Surviving the Social Scene
Our beloved cruising guide says of Antigua that “It can be harder to survive the English Harbour social scene than the offshore reefs,” which I read a week ago with an audible snort. In order to enjoy some kind of social life, you need to have actual friends, or so I vaguely remember from the good old days when I lived in London. Nick and I do enjoy a night out (well, as long as we’re in bed by 9pm… I’m only half kidding), but the thing about this cruising lifestyle is that you’re moving around all the time and it’s very easy to not have contact with any other sailors. However, our past week cruising in Antigua has probably seen us with more social commitments than any other point since our impromptu ARC reunion in Bequia all those weeks ago.
We arrived after an unpleasant sail on the Friday, which I’ve already whinged about, so I’ll leave it at that. After clearing in and cleaning up we felt absolutely knackered, but we also had no food on board (apart from the omnipresent whole frozen chicken in our freezer baskets) so we summoned our remaining energy and headed to shore for an early dinner. The only place that looked open was a bar on the corner, so we sat down and I went up to order from the British owner, who informed me that they actually weren’t open yet. When I apologised automatically (I must have spent too long in the UK; why should I say sorry for assuming a bar is open when there’s music being played and signs out the front advertising their food and drinks?), she laughed and said don’t worry, they should have opened two hours ago! Then she reached over and plucked a joint from the fingers of another bloke sitting at the bar, took a content drag, and handed me a couple of beers.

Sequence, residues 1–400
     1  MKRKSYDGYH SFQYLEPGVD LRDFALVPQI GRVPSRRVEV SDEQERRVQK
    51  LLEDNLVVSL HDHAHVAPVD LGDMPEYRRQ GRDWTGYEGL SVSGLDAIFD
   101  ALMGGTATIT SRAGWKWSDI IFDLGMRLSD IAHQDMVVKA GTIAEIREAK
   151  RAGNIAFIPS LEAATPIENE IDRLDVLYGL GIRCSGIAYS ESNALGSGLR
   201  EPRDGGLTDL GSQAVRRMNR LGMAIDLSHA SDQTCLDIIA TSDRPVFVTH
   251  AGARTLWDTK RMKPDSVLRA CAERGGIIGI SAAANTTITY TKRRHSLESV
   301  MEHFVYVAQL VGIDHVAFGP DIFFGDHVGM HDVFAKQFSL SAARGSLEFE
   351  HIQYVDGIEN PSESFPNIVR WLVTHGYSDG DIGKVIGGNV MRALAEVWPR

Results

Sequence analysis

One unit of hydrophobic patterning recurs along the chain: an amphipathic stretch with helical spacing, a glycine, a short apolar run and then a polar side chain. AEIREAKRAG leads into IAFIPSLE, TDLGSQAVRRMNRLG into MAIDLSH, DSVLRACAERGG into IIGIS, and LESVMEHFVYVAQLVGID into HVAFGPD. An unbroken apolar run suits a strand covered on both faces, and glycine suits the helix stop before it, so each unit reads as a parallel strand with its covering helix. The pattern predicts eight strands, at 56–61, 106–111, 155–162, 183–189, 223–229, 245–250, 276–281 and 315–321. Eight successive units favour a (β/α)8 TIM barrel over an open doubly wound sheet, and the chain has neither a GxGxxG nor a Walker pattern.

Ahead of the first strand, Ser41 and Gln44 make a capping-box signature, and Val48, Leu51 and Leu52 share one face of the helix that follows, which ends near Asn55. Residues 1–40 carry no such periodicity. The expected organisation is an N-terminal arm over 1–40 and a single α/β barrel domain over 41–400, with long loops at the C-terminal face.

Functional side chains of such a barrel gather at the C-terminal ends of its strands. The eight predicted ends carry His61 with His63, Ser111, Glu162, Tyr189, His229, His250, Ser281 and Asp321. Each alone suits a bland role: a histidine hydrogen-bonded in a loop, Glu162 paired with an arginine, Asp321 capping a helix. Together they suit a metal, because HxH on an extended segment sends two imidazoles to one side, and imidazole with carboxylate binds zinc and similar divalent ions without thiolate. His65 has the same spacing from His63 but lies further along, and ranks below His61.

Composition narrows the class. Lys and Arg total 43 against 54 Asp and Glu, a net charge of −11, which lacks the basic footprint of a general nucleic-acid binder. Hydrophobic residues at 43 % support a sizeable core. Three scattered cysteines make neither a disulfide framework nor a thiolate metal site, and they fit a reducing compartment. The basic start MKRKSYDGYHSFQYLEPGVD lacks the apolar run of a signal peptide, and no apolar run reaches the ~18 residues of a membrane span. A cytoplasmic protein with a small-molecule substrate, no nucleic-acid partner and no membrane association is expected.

The following day we went for a walk around Nelson’s Dockyard to perve at all the superyachts in English Harbour, then we wandered back to Falmouth Harbour to perve at all the superyachts there. We had a little mooch around the superyacht pontoons and stopped to drool over a 100 foot carbon fibre racing yacht. Someone was sitting in the cockpit, working on something, and Nick called out a greeting. This guy- an amicable Aussie- seemed more than happy to take a break to chat with us and answer our dumb questions, and in the course of a conversation with him he told us that the yacht in question held the record for the fastest 24 hours of 500 miles. Since then I’ve Googled this for ratification and it seems that the fastest 24 hour sail is actually 620 miles so maybe they held the old record. That would NOT be a comfy sail!
While we were at the dinghy dock and bumped into Anna and Alex from Pantalimon who we met doing the ARC and hadn’t seen since St Lucia. They invited us for drinks that night with another couple they had met at the dinghy dock (it’s quite the social hub, the dinghy dock!) and so, quite unusually, we had two nights out in a row.